I woke up again this morning with a pit in my stomach. This has been a recurring feature over the past couple of years living in Italy. It has baffled me at times because I could not get to the source of it. I would not wake up with anything in particular on my mind. Just a general sense of dread and stress. But today I knew why.
Last night the son of our Italian landlord called to inform us that his father had passed away a couple of weeks ago from a heart attack. Our landlord had been a very easy person to work with. We were renting a family home of his-some 800 years old. And at times it has acted its age. Living in Italy has been stressful for us as a family. I have often said that living here is like getting kidney punched all day long. It’s such a beautiful country and the people so very warm and genuine that you sometimes don’t notice the cultural stresses that are assailing you. The daily punches can eat up your margin.
What if our landlord’s son wants to sell the house immediately? What if he wants to raise the rent significantly? What if he doesn’t like us? What if, what if, what if? This morning I finally committed the situation to prayer. I had an assurance that God could handle the outcome whatever it may be. The landlord’s son came over with his wife and was here maybe for 20 minutes. He was very nice. We gave him a copy of our contract. He merely stated that there was a new bank account number for the electronic rent transfers-and we were done. Nothing more to it than that. Both my wife and I were relieved. Why had I fretted? Why had I lost sleep over this? Why did I have the stomach pit? I know it has much to do with how I view God, how I view my salvation, and how I think about prayer. I desperately need to live more as a loved child than an orphaned slave. I struggle often with rightly seeing God as a loving heavenly father rather than a distant task master. I think the pits are from not believing that God cares deeply for me and has my best interest at heart. And at times my prayer life is a clear reflection of that belief.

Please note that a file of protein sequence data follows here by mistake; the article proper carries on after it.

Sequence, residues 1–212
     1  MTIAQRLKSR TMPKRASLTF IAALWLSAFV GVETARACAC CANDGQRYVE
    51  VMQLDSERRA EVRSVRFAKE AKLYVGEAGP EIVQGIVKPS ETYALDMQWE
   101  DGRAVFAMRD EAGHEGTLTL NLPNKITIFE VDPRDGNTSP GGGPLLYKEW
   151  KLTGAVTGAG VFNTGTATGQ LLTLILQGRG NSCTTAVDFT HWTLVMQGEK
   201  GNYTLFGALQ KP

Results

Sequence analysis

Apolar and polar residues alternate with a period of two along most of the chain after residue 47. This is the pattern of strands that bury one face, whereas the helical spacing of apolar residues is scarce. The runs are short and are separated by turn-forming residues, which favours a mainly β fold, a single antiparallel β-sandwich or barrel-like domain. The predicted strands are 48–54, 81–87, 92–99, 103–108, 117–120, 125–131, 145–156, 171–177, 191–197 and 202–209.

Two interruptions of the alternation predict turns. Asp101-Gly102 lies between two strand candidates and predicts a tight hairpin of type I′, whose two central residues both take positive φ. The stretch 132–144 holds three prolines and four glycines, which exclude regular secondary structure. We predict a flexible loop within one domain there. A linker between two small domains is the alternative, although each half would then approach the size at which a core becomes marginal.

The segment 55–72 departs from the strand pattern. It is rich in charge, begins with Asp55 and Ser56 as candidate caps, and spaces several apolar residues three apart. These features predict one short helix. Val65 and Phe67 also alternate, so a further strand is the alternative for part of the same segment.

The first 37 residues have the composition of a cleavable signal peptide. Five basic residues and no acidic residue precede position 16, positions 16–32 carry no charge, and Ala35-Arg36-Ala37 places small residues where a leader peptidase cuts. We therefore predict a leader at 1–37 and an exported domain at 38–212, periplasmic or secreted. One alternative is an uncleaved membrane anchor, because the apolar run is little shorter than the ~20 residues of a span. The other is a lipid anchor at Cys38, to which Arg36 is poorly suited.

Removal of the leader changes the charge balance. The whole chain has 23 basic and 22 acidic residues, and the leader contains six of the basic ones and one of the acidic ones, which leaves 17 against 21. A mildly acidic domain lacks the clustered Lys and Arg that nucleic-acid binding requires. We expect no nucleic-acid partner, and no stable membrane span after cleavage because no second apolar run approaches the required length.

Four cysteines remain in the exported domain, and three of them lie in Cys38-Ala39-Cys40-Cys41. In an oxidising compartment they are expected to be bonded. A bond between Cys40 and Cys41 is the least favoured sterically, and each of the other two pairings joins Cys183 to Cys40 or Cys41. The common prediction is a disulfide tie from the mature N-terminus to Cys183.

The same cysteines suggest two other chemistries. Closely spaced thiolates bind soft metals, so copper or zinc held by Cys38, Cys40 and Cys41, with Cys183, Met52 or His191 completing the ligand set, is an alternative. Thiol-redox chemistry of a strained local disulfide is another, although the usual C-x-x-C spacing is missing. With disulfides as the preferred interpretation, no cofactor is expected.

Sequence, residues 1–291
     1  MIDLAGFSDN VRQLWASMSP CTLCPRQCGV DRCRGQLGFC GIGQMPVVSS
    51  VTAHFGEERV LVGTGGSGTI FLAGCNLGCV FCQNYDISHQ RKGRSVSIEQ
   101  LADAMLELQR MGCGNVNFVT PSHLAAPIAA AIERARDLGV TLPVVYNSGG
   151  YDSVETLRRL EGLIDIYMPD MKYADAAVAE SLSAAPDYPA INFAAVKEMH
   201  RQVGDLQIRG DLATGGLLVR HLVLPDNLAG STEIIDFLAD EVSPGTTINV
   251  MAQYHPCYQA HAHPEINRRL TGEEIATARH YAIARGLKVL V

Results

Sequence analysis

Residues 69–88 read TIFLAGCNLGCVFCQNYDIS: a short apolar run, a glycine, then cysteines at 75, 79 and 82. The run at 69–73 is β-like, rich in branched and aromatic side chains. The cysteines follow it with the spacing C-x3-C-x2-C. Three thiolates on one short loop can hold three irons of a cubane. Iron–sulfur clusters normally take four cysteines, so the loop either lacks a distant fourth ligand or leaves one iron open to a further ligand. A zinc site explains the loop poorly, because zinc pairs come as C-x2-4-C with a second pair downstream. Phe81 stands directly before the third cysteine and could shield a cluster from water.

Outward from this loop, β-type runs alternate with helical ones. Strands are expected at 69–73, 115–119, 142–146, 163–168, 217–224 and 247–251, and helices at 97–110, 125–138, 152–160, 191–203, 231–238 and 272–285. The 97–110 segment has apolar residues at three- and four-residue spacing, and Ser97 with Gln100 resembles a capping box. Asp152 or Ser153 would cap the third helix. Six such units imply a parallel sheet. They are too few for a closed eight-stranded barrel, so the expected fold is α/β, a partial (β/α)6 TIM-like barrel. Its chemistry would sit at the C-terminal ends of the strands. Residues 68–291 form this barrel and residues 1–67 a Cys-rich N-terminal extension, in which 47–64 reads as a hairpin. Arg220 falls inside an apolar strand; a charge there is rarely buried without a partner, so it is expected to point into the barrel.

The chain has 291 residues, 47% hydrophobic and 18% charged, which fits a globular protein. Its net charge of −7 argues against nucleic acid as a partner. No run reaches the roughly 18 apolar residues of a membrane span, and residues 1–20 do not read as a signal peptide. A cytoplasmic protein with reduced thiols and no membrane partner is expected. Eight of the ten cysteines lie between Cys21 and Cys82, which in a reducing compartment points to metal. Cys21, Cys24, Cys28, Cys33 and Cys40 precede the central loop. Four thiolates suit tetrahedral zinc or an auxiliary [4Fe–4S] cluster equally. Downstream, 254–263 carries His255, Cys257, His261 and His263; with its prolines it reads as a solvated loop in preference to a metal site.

This afternoon I read an essay on John Calvin and prayer. You don’t often hear the reformers name tied to prayer-but that is our fault, not his. Calvin had a lot to say about prayer and what I read was thought provoking and profound. Here are a couple of quotes:
“Prayer is a communication between God and us whereby we expound to him our desires, our joys, our sighs, in a word, all the thoughts of our hearts.”
In prayer we are “permitted to pour into God’s bosom the difficulties which torment us, in order that he may loosen the knots which we cannot untie.”
For the one who truly knows Christ as their Savior Calvin deeply understood that prayer is primarily an intimate conversation between Father and child. It is a conversation that the Father longs to listen to, acknowledge, and honor with His divine wisdom and action on our behalf. Here’s to untying more knots!